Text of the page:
Saved by My Bicycle in a Coronavirus World

The news out of Wuhan had been a distant whisper for weeks, but the deadly virus emerging from this Chinese city was now closing in and roaring through the streets of our cities and towns and down the dusty roads of rural America. It was bringing sickness and death nearly everywhere it appeared and leaving people, livelihoods and businesses destroyed it its wake.

This was our new reality, and would be for at least the near future.

By the end of 2020, the virus had claimed 1.8 million lives globally and sickened another 87 million. The United States, even with its vast resources and medical prowess, led the world in deaths (350,000) and illness (20 million). As we entered the fourth quarter, it became commonplace for daily death rates in the U.S. to equal or exceed the number of those lost in the 9/11 attacks almost two decades earlier.

How it all began

Brussels sprouts are my least favorite vegetable. So, as I pulled my chair closer to our dining room table on the evening of February 29, I noticed this dreaded side dish on the dinner menu. Trying to distract my wife with small talk, I picked up my fork and slowly separated the sprouts from one another so it wouldn’t be obvious that I wasn’t about to give them a chance.

From the TV across the room, a news anchor’s Breaking News segment caught my attention.

“Concerns about the coronavirus intensified across the Pacific Northwest Saturday after a person from the Seattle area died and as two new cases emerged inside a nursing care center in Kirkland, Washington where dozens of other people were reported to be feeling sick,” she said, before moving on to the next story of the day.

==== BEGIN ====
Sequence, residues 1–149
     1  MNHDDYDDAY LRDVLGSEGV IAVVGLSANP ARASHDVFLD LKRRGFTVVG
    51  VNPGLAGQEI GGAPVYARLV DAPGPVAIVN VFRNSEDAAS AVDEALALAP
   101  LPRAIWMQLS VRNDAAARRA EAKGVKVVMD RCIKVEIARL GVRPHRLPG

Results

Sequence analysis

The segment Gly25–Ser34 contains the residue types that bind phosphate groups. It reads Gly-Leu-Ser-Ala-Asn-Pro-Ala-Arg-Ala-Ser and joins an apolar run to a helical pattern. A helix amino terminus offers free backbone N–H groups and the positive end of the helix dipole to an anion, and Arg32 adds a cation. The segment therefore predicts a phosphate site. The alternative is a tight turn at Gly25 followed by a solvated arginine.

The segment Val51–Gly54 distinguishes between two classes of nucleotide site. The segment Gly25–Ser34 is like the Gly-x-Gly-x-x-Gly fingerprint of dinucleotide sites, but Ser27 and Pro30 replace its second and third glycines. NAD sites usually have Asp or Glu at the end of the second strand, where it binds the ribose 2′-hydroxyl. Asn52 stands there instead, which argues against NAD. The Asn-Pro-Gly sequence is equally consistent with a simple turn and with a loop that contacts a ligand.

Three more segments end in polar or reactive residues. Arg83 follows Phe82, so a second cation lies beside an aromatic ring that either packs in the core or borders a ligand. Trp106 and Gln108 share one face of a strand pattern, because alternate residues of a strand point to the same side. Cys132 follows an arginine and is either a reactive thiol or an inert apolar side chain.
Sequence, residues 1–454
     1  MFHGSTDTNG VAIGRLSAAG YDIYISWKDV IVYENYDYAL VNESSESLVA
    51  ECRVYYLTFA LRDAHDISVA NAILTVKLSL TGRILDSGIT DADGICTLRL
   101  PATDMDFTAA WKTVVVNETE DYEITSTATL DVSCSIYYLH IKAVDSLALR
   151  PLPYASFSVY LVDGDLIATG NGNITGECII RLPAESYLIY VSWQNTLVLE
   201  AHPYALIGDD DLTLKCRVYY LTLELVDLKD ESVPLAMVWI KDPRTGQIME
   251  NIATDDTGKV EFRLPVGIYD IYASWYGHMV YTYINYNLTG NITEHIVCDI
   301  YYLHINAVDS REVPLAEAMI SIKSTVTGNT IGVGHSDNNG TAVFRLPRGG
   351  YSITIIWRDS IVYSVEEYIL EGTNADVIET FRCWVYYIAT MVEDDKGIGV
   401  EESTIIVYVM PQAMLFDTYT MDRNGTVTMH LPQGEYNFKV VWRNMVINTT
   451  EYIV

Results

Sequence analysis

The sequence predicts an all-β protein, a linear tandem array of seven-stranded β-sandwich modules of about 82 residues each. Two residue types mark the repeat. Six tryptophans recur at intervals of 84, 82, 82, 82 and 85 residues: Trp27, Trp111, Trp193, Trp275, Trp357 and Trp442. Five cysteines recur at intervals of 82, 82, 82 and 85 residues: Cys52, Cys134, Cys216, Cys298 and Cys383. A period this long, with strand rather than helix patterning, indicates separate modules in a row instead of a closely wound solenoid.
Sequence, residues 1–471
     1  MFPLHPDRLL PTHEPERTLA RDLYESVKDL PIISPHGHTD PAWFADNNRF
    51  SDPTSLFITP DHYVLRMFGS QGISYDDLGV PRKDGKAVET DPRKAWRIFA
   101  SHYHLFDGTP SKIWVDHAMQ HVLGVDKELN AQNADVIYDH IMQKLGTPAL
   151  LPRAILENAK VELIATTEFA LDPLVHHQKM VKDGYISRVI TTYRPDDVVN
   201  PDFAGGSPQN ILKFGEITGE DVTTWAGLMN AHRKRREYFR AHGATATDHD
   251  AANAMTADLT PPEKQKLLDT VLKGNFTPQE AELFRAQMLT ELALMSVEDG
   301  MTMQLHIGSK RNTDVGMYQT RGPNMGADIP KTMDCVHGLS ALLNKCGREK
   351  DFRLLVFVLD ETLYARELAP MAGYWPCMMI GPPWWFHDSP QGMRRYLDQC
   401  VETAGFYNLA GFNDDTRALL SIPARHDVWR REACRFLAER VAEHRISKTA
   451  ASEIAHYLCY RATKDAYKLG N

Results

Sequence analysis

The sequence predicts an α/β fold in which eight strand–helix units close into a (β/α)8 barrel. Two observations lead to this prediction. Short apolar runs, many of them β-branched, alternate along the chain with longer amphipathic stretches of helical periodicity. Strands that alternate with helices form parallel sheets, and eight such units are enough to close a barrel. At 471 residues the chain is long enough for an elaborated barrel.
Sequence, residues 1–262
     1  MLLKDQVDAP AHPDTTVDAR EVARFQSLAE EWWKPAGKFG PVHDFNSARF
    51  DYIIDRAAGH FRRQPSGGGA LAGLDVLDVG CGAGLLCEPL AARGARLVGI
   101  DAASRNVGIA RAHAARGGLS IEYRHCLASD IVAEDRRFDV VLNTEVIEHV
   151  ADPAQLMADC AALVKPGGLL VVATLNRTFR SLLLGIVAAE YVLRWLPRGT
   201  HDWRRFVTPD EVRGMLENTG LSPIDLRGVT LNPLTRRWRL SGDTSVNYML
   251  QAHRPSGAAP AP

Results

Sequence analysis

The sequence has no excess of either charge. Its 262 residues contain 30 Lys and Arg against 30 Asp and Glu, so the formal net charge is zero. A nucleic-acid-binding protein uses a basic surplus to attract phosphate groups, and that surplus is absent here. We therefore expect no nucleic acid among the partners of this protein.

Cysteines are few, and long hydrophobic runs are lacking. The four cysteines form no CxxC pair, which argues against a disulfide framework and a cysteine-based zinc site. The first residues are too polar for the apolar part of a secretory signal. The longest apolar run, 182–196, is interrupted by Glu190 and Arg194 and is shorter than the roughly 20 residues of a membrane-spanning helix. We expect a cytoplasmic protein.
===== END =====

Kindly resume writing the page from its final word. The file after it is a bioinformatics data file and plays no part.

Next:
I paused for a moment, checked to see if my wife had heard what I just had, and spontaneously blurted out my reaction.

“This could be bad, really bad, especially for me (asthma and age) and others who have compromised health issues. And who knows how long it might take before we have meds to treat this or vaccines to stop its spread? We have to do something, and soon,” I emphasized.

I had read reports about the virus for more than a month, and I expected it was just a matter of time before it arrived on our doorstep. And here it was, ready to take our country — and the world — by storm.

The United States would lead the world in cases and deaths during most of the year.

Taking Charge

I was coming off two serious cycling accidents, the first from the previous summer that left me with a fractured pelvis, and a second during October causing internal injuries. My doctor told me to wait until March 2020 to get back on my bike, but I felt good enough to begin riding short routes of slow miles January 1. By that late February day when we learned the virus had come ashore, I completed my first slow and easy 40-mile (64km) ride in months.

After listening to the dire news of what the COVID-19 symptoms would be, I was ready to take charge, to implement my plan to get as strong and healthy as possible so my body could fight off the disease if I contracted it. I was on a mission with targets and timetables. I set a goal of riding at least 1,000 miles/1,600km monthly and losing 20 pounds by January 1. I started adding miles the next Monday, and by April I was consistently banking 300-mile/480km weeks.

I was beginning to accomplish my monthly goals by late spring.

Although I almost always ride solo, it would be a challenge to avoid infection as a result of being around other groups of cyclists and the general public, so I began taking a mask or neck gaiter with me on all my rides.

My biggest positive adjustment, however, came by changing my daily routes to avoid as much human contact as possible. Mostly people-less desert roads on the outskirts of suburban Tucson became my norm.